Fredericton may not yet have spring, but next weekend, Fredericton will certainly have some swing.
On April 6-8, Fredericton Swing Dance presents its fifth annual yearly event, a weekend-long celebration of all things swing, featuring workshops, live music and, of course, plenty of dancing.
Fredericton Swing Dance was formed in 2010 as a St. Thomas University club. It soon expanded into UNB/STU Swing and operated out of the SUB ballroom. After about three years, the group ventured off-campus, and are now a group of volunteers—some students, some not—who teach and organize a variety of swing-related activities, such as Monday night classes and monthly socials.
The biggest event of the year, though, is Swingin’ to Spring. This year’s incarnation will feature two nights of dancing at the Fredericton Legion, located at 199 Queen Street. On April 6, the weekend will kick off with a beginner lesson at 8 p.m., while on April 7, the Alex Bailey Swing Band will provide live musical accompaniment for the dance party.
In addition, the weekend will feature a series of seven workshops, offered at various times over April 7 and 8. The workshops will be led by Daryl Begin and Jennifer Stout, a pair of instructors from Providence, Rhode Island, who will hold sessions on such topics as “Heels & Kick-Aways” and “Sailor Kicks.”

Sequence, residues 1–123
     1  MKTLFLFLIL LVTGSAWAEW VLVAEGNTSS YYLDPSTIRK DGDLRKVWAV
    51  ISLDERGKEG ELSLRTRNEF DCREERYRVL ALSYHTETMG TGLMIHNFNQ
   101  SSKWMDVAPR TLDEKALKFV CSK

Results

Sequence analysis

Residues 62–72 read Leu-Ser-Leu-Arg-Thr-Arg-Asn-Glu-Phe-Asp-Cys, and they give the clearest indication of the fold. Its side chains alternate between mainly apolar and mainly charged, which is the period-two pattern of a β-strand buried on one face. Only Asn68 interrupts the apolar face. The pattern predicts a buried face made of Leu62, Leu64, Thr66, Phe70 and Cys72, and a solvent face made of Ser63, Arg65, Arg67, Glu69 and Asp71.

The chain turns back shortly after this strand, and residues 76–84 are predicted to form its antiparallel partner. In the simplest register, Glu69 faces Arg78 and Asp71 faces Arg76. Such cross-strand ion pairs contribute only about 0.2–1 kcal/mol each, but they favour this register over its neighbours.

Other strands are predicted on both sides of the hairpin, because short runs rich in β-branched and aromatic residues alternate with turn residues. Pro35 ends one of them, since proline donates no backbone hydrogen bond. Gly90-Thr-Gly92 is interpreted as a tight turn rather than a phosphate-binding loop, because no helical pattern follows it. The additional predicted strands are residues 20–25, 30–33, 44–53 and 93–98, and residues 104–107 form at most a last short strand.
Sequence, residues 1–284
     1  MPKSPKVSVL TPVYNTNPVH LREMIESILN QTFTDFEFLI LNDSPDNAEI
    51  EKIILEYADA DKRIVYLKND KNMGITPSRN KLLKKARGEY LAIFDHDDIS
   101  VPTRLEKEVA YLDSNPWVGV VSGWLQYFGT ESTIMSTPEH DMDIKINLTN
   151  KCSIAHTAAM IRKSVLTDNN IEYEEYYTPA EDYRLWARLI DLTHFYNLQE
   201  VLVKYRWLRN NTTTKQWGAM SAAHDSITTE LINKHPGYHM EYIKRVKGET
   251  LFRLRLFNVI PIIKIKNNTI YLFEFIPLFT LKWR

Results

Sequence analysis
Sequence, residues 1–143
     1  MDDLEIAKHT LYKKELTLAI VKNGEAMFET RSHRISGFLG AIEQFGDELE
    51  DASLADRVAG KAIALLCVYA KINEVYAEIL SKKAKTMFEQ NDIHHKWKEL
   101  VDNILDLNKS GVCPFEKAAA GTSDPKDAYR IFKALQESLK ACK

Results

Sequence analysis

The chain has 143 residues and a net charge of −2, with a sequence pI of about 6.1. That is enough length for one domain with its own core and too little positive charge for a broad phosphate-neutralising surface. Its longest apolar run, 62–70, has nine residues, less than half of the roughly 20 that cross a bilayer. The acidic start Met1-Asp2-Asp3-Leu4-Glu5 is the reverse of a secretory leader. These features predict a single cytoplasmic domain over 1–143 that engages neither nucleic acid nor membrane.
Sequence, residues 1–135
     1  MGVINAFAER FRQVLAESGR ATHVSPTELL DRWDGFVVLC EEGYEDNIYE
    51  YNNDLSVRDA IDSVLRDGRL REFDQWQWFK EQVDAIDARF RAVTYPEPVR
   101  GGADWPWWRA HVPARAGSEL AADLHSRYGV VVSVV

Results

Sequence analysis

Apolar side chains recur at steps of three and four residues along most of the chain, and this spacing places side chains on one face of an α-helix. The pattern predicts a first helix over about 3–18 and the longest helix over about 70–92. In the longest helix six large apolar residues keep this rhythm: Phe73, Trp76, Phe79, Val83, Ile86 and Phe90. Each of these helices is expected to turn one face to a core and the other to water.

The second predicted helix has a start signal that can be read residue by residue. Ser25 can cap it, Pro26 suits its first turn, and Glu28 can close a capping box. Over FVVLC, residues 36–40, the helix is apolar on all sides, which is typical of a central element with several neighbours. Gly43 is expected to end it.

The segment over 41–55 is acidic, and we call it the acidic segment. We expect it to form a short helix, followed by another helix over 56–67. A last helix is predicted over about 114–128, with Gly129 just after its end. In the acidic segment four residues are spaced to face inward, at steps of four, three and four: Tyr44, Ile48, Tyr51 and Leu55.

The workshop leaders are “a big deal for us,” says Alexander Carleton, public relations office for Fredericton Swing Dance. “Getting teachers from other dance scenes around the world is a great way to learn new things.”
Carleton first took a class with the club before leaving to pursue a master’s degree, but the experience left such a good impression on him, he had to continue as soon as he was back in town.
“When I returned to Fredericton, I joined right back up and have been dancing ever since.”
For Carleton—who cites Ella Fitzgerald’s “Solid as a Rock” as his favourite piece of swing music—the reasons he’s interested in swing dancing are fairly straightforward.
“It is very fun, the scene itself is very friendly and laid back, which is important as people can be intimidated trying to learn to do something so public and social as dancing. The music is enjoyable and catchy, and has a feel of both fun and class to it.”
However, perhaps the greatest reason, he says, is “more selfish”: “The style of dance lends itself to being a bit goofy. I am not the most graceful of dancers, but that is okay and appropriate if I can get a laugh or two.”
It’s this laid back nature that, Carleton says, makes Swingin’ to Spring particularly appealing to students.
“I think students should check out the event because it is an enjoyable and unique way to spend a weekend. It is not very often that one can get dance lessons, live music and out of town instructions all at one location,” he said.
“Even if one just wants to come and listen to the music, and watch some cool dance moves, it is a great experience.”